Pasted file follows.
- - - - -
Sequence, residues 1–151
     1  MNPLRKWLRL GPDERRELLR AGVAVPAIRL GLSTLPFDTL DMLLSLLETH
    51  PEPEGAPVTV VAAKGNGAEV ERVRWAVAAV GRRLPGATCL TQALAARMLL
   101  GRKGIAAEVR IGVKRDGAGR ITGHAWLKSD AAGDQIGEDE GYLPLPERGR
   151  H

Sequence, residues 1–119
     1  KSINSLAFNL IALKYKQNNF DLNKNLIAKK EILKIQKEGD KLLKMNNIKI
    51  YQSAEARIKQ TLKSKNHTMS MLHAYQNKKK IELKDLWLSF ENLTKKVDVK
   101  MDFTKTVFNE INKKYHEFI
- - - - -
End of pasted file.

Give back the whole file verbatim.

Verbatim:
Sequence, residues 1–151
     1  MNPLRKWLRL GPDERRELLR AGVAVPAIRL GLSTLPFDTL DMLLSLLETH
    51  PEPEGAPVTV VAAKGNGAEV ERVRWAVAAV GRRLPGATCL TQALAARMLL
   101  GRKGIAAEVR IGVKRDGAGR ITGHAWLKSD AAGDQIGEDE GYLPLPERGR
   151  H

Sequence, residues 1–119
     1  KSINSLAFNL IALKYKQNNF DLNKNLIAKK EILKIQKEGD KLLKMNNIKI
    51  YQSAEARIKQ TLKSKNHTMS MLHAYQNKKK IELKDLWLSF ENLTKKVDVK
   101  MDFTKTVFNE INKKYHEFI